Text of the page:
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VietNamNews

Overseas remittances expected to increase

Update: October, 04/2013 - 08:46

World Bank forecast Viet Nam's overseas remittances attraction this year would hit US$11 billion, bringing the country to the 9th position in top 10 countries in the world.— File Photo

HA NOI (VNS) — World Bank forecast Viet Nam's overseas remittances attraction this year would hit US$11 billion, bringing the country to the 9th position in top 10 countries in the world.

Viet Nam's overseas remittances reached $10 billion last year, rising by 10 per cent over the previous year.

A large proportion of the total originated from the more than 4 million Vietnamese expatriates and approximately 400,000 guest workers in Japan, the Republic of Korea, Malaysia, Taiwan (China), and the Middle East.

India, China and the Philippines were the three largest countries in the list with $71 billion, $60 billion and $26 billion. Mexico followed with $22 billion, Nigeria and Egypt $21 billion and $20 billion respectively.

India and China accounted for one-third of the total overseas remittances poured in developing countries this year.

WB said the world's total overseas remittances including those poured in high-income countries this year was estimated to reach $540 billion and jump to the record level of $707 billion by 2016.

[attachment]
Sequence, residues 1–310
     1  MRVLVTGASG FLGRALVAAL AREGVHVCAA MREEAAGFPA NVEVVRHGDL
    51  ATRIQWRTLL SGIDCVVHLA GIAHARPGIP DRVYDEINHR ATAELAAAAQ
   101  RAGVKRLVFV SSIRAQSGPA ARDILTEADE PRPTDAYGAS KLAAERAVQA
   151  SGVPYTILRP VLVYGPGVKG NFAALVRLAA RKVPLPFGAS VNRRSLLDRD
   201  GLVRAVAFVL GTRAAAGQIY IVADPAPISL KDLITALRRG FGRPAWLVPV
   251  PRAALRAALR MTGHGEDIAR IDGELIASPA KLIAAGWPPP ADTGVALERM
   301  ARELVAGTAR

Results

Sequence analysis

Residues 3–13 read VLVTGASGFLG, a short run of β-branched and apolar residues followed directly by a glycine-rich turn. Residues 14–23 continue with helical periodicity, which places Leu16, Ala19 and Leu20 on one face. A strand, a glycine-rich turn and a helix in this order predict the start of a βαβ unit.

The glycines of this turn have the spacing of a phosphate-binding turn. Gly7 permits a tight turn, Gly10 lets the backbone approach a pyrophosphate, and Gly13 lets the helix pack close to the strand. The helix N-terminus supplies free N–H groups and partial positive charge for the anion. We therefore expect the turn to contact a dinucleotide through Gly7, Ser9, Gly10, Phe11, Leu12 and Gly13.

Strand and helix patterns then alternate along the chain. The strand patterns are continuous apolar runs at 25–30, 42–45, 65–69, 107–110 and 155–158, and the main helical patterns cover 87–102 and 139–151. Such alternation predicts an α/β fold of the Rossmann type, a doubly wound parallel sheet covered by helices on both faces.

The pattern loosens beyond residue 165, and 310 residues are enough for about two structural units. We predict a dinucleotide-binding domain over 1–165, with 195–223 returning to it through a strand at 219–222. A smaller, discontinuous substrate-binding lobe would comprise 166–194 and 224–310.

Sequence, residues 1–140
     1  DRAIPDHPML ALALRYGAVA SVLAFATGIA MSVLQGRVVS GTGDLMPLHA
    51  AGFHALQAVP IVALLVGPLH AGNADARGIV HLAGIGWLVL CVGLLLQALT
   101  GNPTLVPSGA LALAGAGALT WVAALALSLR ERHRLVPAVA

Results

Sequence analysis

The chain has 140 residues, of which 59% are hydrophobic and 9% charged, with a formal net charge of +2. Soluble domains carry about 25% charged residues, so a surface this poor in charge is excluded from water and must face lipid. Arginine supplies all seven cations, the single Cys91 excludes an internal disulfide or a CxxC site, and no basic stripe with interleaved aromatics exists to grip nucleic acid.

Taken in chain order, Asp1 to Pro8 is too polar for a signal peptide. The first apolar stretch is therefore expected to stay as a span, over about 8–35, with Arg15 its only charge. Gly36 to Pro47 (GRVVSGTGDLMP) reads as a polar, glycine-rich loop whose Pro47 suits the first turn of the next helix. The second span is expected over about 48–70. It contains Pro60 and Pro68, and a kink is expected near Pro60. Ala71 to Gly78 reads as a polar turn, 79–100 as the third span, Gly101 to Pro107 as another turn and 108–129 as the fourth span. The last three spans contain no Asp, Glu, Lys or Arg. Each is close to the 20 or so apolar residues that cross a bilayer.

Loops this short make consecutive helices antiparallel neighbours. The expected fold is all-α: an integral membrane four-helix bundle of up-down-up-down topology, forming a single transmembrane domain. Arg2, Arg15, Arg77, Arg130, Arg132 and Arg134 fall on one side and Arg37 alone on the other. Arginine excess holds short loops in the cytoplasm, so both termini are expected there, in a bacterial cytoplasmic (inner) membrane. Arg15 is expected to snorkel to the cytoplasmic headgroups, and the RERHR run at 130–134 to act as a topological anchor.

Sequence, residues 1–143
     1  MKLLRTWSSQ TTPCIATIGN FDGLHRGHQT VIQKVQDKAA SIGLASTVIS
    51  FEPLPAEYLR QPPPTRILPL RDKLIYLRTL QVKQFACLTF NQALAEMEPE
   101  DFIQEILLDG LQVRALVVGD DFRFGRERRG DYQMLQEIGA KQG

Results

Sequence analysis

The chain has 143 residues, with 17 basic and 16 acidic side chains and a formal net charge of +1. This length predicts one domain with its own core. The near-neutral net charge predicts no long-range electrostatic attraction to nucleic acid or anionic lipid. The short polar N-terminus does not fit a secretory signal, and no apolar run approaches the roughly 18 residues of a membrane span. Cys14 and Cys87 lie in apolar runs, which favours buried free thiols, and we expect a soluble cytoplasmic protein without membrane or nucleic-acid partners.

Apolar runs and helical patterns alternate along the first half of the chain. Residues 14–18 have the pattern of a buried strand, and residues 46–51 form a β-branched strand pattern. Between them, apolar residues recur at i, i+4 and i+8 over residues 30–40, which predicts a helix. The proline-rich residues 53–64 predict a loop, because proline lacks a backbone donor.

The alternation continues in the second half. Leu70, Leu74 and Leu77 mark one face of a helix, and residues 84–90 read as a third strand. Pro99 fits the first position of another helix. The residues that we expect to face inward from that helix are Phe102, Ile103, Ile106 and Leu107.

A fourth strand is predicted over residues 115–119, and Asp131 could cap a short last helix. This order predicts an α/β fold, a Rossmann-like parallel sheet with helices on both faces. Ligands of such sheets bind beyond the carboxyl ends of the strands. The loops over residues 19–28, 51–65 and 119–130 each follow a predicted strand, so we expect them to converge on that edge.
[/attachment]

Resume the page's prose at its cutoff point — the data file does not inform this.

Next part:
Of the total, remittances sent to developing countries would increase 6.4 per cent to $414 billion this year and surpass $500 billion by 2016.

It added that total remittances into developing countries would surge in short term with average growth rate of 9 per cent each year.

The WB's figures revealed changes in national classification. Some countries which received large portion of overseas remittances including Russia, Latvia and Uruguay have no longer been listed in the group of developing countries.

Costs for transfer remittances through formal channels were still high, making people prefer using informal ones. The average cost last year was 9 per cent worldwide and remained unchanged. However, banks added some fees on the remittances up to five per cent. — VNS

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